During the 2019 Milwaukee Air and Water Show, not all the objects that soared across the sky in defiance of gravity were made of metal. Some were men who fell to earth from high altitudes, only using flexible wing gliders – also known as parachutes.

Observers anywhere in the flight pattern across the city could look up to see supersonic jets streaking across the sky during the Air and Water Show. But for tens of thousands of spectators along the Lake Michigan, their front row seats offered a special vantage to watch precision landings on Bradford Beach.

Traveling at a vertical speed of 120 mph from 12,500 feet (2.37 miles) above the earth, the U.S. Army Parachute Team displayed their impressive aerial skills for the crowds over the July 27 and 28 weekend. Known as the “Golden Knights,” team members performed choreographed free falls and different styles of safe landings at the Lakefront. The parachutes they used were classified as flexible wing gliders, complete with the all the flight characteristics of an aircraft except for power. The event was also a welcomed return home for one of the Gold Team members, La Crosse, Wisconsin-native SFC Mike Koch.

“Skydiving, in general, is just an absolutely unbelievable experience. And, skydiving with this team, working with the members who are so professional and have so much knowledge in the sport of demonstration parachuting, it’s amazing,” said Sergeant Koch. “It’s an honor to work with this small group, because we’re more than just work associates – we’re all family. In fact, we actually see each other more than her own family.”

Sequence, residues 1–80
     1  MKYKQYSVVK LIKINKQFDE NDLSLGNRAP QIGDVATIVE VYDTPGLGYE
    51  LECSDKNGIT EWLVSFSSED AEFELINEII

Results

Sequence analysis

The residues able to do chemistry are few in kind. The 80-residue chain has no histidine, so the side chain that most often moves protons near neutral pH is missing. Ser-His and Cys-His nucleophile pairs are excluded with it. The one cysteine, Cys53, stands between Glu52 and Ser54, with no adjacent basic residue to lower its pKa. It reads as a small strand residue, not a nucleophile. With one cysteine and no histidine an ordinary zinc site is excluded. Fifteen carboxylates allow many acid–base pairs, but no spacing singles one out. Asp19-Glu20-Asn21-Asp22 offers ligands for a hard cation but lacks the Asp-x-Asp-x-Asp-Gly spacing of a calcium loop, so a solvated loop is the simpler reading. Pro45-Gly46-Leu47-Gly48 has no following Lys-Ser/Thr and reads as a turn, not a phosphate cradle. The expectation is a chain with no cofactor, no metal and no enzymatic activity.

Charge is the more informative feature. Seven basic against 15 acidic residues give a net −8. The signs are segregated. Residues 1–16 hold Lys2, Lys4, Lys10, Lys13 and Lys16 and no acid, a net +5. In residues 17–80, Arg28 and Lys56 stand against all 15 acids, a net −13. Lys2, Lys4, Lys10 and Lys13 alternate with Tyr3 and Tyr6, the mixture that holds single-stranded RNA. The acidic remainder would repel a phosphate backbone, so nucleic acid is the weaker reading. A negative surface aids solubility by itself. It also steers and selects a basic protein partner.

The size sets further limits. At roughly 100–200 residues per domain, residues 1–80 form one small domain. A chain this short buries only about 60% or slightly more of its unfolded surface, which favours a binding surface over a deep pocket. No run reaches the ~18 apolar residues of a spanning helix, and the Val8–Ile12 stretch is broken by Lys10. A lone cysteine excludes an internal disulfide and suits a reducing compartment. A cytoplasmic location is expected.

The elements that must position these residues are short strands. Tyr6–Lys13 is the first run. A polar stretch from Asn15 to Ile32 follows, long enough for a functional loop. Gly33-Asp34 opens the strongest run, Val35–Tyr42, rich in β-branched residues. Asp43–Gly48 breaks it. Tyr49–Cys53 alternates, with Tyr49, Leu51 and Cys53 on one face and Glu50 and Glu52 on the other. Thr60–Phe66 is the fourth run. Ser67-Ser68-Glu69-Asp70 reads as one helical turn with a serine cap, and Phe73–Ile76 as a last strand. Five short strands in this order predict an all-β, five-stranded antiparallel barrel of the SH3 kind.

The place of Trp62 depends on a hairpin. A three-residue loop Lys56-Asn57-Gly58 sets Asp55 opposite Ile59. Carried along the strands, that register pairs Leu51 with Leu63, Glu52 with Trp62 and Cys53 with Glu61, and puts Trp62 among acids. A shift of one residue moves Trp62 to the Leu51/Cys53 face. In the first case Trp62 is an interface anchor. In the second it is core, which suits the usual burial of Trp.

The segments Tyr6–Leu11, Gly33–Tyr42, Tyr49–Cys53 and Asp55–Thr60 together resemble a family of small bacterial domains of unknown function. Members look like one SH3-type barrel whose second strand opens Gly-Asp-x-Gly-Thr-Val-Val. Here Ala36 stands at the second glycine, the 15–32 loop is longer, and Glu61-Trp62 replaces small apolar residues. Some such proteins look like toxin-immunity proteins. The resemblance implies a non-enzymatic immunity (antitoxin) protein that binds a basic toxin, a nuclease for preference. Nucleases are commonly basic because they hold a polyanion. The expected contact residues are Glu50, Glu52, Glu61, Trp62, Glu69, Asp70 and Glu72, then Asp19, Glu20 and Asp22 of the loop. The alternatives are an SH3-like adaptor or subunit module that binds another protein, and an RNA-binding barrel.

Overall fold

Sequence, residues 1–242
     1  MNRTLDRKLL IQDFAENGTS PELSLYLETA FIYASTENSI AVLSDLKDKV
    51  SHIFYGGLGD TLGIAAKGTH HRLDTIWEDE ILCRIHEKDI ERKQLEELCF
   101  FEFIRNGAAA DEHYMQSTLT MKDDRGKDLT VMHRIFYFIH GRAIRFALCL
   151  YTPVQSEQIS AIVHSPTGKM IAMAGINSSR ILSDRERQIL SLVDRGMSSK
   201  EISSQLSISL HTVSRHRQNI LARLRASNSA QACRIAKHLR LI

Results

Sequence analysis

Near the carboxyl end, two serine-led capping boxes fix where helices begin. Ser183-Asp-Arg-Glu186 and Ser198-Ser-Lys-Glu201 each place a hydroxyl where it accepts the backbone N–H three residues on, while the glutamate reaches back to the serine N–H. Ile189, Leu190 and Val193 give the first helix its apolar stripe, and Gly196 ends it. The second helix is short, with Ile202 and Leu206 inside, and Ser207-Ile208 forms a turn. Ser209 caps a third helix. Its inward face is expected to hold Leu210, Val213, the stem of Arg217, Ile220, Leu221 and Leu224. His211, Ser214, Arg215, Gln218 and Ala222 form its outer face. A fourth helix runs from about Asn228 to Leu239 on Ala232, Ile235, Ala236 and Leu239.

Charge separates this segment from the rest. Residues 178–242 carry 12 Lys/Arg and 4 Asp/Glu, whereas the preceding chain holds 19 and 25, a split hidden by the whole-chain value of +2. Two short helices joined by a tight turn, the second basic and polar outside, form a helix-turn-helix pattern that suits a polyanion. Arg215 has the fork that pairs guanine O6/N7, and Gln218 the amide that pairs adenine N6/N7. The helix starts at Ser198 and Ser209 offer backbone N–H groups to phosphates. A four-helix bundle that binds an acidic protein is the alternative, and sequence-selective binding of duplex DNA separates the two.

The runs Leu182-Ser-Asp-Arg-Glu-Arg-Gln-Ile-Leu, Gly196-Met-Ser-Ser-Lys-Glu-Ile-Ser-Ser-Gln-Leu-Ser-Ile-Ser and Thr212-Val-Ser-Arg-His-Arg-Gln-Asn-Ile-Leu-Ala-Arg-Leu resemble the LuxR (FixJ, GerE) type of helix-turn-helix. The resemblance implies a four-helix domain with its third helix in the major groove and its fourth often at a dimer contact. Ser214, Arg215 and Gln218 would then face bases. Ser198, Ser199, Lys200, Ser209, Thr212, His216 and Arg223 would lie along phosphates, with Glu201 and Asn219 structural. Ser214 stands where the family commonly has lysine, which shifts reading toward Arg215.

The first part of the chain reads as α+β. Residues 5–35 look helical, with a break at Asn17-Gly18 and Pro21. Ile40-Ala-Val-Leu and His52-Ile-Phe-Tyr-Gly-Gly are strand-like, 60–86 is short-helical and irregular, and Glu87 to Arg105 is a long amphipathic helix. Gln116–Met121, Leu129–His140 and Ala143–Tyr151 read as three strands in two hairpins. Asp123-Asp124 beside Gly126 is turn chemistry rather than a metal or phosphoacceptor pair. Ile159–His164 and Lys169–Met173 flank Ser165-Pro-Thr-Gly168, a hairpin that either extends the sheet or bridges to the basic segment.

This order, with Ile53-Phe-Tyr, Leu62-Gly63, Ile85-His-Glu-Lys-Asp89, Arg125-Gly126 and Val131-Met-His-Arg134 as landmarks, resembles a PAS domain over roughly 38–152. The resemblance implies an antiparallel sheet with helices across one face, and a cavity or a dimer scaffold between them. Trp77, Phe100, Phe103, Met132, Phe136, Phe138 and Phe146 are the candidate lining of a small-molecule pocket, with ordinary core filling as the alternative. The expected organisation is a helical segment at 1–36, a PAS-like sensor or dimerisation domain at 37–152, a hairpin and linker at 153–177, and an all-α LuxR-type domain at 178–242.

Sergeant Koch joined the army in part for the college benefits, the opportunities to travel, and to serve the country. While stationed at Fort Bragg, he watched his cousin – also in the Army – skydive at the base. He later met a few members of the Golden Knights team, and became convinced that it was the job for him. He understood that while the idea of jumping from a plane with a parachute is a terrifying idea to most people, it is a fear that can easily be overcome.

“The view is spectacular, and it’s the most exciting yet calming thing you will ever do in your life,” said Sergeant Koch. “Once the parachute opens, it’s just you and the silence, and its a truly amazing experience.”

Like many people, Sergeant Koch is not very fond of heights. Standing on the roof of a tall building, being able to see the tiny people and trees on the ground can be unnerving. But with skydiving, those references do not exist in the air. Above one thousand feet, the brain cannot fathom height. And Sergeant Koch’s biggest confidence comes from having 100% trust in the equipment and people around him, which makes all the difference.

Based at Fort Bragg, North Caroline, 2019 marks sixty years that members of the U. S. Army Parachute Team have been serving as “Ambassadors of the Army.” Brigadier General Joseph Stilwell Jr. formed the group in 1959, originally known as the Strategic Army Command Parachute Team (STRAC). Nineteen “Airborne” soldiers from various military units were assembled with the intent to compete in the Soviet dominated sport of skydiving during the Cold War. The team remains only one of three Department of Defense (DoD) sanctioned aerial demonstration teams, along with the U.S. Navy Blue Angels and the U.S. Air Force Thunderbirds.